resurrection. Many of us can testify if people we not only know,
but are related to, who reject the message of Israel’s Messiah because they
reject God. And, it is a definite and obvious prerequisite that in order to
believe in Yeshua, you must first believe in God! Others we know actually do
believe in some kind of a Supreme Being. Some of them may actually profess some
acknowledgment of the importance of the teachings of Yeshua, at least as a good
teacher or ancient philosopher. Some of them may even read their Bibles as a
good way of reflecting on their upbringing as small children. But the
belief that they have to actually repent of their sins or misdeeds, and ask the
cleansing power of Yeshua’s work on the tree to spiritually regenerate them, is
far from their minds. Why is this the case? Because ultimately for them, the
Bible is just a collection of interesting stories and myths, not to be
taken too seriously. Since God is all love, and many, if not most people, are
naturally inclined to do good and abhor evil–whether one is Jewish, Christian,
Muslim, Hindu, Buddhist, or whatever–most probably will make it into “the great
beyond.” It is affirmed that “all paths lead to God.”
As things stand today, about half of my extended family may be considered
liberal Protestant. Their church attendance is mainly for annual holidays
like Christmas and Easter or Mother’s Day. While they believe that the Bible
contains good principles, they are not too concerned with concepts such as sin,
the Ten Commandments, they certainly support gay
marriage, and they definitely believe that “all paths lead to God.” Most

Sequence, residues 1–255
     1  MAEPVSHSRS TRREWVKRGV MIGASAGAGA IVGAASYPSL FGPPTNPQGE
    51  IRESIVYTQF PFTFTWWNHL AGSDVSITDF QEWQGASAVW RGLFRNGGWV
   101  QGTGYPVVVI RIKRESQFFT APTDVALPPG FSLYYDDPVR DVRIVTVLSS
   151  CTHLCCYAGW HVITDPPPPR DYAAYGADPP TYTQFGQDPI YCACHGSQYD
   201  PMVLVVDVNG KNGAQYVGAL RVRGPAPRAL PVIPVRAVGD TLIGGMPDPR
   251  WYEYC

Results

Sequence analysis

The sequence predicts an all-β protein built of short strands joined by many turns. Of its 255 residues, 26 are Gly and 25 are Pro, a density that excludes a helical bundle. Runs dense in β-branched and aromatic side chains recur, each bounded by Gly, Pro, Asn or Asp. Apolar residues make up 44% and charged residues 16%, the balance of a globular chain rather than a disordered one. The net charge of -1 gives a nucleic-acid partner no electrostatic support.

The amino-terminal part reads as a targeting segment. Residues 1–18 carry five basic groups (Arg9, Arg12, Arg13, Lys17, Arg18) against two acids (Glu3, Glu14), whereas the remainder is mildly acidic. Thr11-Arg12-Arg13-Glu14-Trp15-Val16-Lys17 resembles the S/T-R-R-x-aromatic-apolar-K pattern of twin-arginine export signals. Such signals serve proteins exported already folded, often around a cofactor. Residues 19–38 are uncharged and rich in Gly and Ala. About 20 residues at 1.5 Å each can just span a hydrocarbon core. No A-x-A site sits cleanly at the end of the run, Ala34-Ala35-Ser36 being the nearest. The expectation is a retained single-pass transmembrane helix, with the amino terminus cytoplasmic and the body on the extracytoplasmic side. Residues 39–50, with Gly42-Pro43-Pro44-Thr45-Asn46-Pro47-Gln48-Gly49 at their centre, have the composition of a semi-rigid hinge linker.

especially concerning is that the Tanach or Old Testament is believed to contain
a great deal of creative fiction. A number of years ago, a particular
relative greatly hailed the 2001 book Reading the Bible Again for the First
Time: Taking the Bible Seriously But Not Literally by Marcus J. Borg. The kinds of
arguments made in this book were favorable to spiritual applications of
the Scriptures’ message, but not to its historicity. And, most of the historicity
concerned the Genesis accounts, the record of the Exodus, and the rise of the
Kingdom of Israel. This relative was quite proud of telling the conservative
evangelicals in my family, “I do not believe in the rigidity of Adam and Eve!”
Most of the Bible was just myth and superstition of primitive peoples long
since gone. While exploring and defending the reliability of the Tanach was a
critical part of my own studies at Asbury Theological Seminary (2005-2009), this had
been relegated only as a curiosity for me following my family’s relocation to
the Dallas-Ft. Worth Metroplex in 2013, and our reintegration into the Messianic